Helium Discovery

heliumNews broke recently of the discovery of a huge pocket of helium in the Tanzanian East African Rift Valley, calming fears of a shortage of the useful element. Already, a Canadian city has banned filling balloons with the non-renewable resource. Helium has a variety of industrial uses, from semiconductors to medical equipment to propulsion and lasers. Now scientists from Oxford and Durham Universities, working with Norwegian company Helium One, have announced that they located shallow pockets filled with the valuable gas under rocks in a volcanically active valley. The pocket could be as large as 54 Billion Cubic Feet (BCf), compared to total known reserves in the USA of 153 BCf. The findings are being presented this week at the Goldschmidt geochemistry conference in Yokohama, Japan.

For more information, visit: http://www.eurekalert.org/pub_releases/2016-06/uoo-hhd062416.php

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NASA Pushes Toward Electric Flight by 2018

The X-57, NASA’s latest experimental aircraft, is a small passenger plane with electric motors powered by lithium-ion battery cells. It’s based on the Tecnam P2006T, a four-seat plane made in Italy. NASA has replaced the original wing and twin engines with an array of fourteen propellers across a custom-designed wing. The motors at each wingtip provides 60 kW each, for cruising at altitude, while a dozen smaller 11 kW motors placed along the length of the wing are employed for takeoff and landing. The electric motors are powered by an array of 18,650 COTS battery cells. Sean Clarke, NASA co-principal investigator, explained, “We don’t have access to any fancy space technologies. It’s the same battery technology the automotive industry is using.”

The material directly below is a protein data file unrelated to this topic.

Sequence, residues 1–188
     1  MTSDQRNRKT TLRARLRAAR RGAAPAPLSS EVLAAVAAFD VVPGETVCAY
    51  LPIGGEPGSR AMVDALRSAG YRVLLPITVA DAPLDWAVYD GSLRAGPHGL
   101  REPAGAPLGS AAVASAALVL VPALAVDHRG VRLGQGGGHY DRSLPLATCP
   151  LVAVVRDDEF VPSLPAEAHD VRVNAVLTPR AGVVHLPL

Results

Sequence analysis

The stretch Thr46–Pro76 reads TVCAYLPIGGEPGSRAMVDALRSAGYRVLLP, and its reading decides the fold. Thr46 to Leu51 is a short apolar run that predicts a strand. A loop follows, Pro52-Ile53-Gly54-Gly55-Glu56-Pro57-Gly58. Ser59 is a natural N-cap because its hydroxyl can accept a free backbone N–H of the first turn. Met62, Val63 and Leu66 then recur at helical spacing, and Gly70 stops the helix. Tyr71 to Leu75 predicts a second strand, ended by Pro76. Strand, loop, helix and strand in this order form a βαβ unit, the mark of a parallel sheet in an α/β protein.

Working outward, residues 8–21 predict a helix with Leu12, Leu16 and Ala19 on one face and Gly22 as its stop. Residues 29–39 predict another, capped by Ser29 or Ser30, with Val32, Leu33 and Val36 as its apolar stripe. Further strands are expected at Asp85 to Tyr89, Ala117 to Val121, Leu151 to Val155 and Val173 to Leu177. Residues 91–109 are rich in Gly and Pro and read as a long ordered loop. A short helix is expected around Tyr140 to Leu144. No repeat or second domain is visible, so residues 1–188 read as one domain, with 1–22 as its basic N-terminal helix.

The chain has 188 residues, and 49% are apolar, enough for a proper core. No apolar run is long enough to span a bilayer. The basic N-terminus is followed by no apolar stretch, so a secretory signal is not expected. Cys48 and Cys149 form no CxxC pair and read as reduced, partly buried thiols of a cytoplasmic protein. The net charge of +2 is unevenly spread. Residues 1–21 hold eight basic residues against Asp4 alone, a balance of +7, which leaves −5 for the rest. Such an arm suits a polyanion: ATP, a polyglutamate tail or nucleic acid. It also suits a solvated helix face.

NASA's experimental X-57 electric plane
Photo: NASA

NASA’s schedule for the X-57 is to begin test flights in early 2018. With the constant progress in battery energy density, NASA’s engineers foresee aviation manufacturers integrating the technology within ten years. They see the X-57 as an opportunity to test ideas, including hybrid electric/liquid fuel power, controlling peak power output, and new chassis designs. Clarke said, “This is an opportunity to go back to the drawing board and rethink some of the old assumptions.”

Read the full article at http://www.designnews.com/document.asp?doc_id=280813

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